Being Mindful In Grief
In the beginning, after my daughter died, my mind was a mess of thoughts. They were very much connected to feelings of anger, jealousy, vindictiveness, and the like. Many of these emotions were unfamiliar to me in any sort of continuous pattern, and I was thrown off guard by them. They further served to isolate me from others; I cocooned myself away into my own world. A world that I now defined as the before me and the after me.
I realize now that this was not helpful to think of such a separation of myself into these two beings. I was still the same person, even though I had experienced something so monumentally painful and heartbreaking. It brought up this idea that I had that I was static, that I did not change. But no one stays exactly the same. We are all shifting every day, sometimes every moment of every day. That is the one constant.
I did not like the thoughts that I had in the beginning of my grief when I would see pregnant women who looked blissfully happy or families with two kids or even friends that had seemingly perfect lives. I did not recognize the person who had these thoughts, and I instantly felt bad. I thought I was a horrible person for having them. I stopped going on social media sites as there were so many triggers everywhere. I withdrew.
But what I have come to realize is that these thoughts were perfectly normal. That just because I had them did not mean that I wanted them to happen. They did not mean that I wanted anyone to experience such immense pain. But rather my mind was processing in its own way to make sense of the world and the question of “why me.”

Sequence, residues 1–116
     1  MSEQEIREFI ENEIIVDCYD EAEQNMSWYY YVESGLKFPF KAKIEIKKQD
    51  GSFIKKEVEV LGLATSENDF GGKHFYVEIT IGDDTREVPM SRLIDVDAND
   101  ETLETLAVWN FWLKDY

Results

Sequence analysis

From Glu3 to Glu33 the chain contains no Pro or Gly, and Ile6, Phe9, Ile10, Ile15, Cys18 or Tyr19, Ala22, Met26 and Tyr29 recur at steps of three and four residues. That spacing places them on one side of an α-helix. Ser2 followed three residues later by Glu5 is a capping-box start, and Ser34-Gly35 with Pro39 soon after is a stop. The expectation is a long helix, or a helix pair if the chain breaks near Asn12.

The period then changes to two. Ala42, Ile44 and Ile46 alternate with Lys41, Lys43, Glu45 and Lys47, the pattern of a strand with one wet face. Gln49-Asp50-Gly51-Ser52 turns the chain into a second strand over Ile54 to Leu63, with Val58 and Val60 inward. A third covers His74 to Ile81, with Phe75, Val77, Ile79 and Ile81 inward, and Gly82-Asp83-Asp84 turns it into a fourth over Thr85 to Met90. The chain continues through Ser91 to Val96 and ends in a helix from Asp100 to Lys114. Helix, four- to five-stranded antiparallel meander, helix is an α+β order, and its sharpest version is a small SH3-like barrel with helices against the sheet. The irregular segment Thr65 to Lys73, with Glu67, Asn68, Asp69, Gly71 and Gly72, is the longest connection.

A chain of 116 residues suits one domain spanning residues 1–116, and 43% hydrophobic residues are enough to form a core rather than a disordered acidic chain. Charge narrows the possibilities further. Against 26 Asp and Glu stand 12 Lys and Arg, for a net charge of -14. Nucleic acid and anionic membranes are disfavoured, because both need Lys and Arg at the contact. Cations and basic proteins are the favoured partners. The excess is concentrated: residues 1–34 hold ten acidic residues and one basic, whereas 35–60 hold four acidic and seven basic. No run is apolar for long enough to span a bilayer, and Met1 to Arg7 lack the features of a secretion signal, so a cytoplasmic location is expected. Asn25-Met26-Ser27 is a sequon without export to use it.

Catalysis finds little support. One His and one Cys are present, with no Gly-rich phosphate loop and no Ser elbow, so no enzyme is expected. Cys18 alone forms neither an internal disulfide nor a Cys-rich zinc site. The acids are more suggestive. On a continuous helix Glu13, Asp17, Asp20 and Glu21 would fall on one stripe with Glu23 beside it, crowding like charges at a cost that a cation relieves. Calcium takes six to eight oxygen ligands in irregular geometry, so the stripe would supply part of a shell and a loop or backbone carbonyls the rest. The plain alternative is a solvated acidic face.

I found mindfulness meditation and began to practice daily, setting aside time to be with my thoughts and to watch them come and then let them go. I started to label the thoughts as judgments or planning or past or future. I became more aware of my thoughts as they appeared not only during this time but throughout the day. I began to see that we truly are not the thoughts that come into our heads. We cannot control them and to try to do so is futile.
I started to surrender to my grief, to let the waves of sadness and anger pass over me without trying to hold them inside. When an emotion arose, I tried to feel it and stay with it instead of pushing it away. I’ve found that it means that my tears flow much more freely now. And while this can lead to awkwardness with others, I try not to judge myself in these moments and to understand that my tears are a symbol of my love for my daughter and for myself.
So, if you find yourself living in the past or in the future, remember that you do not have to attempt to push these thoughts out of your mind. You can embrace them instead. In so doing, you can start to let them go, to let some of the power of those thoughts leave your mind. Remember that our thoughts do not define us; they are separate from who we are. Be mindful of them and slowly your grief may get lighter to bear.
Photo by Sara Schmidt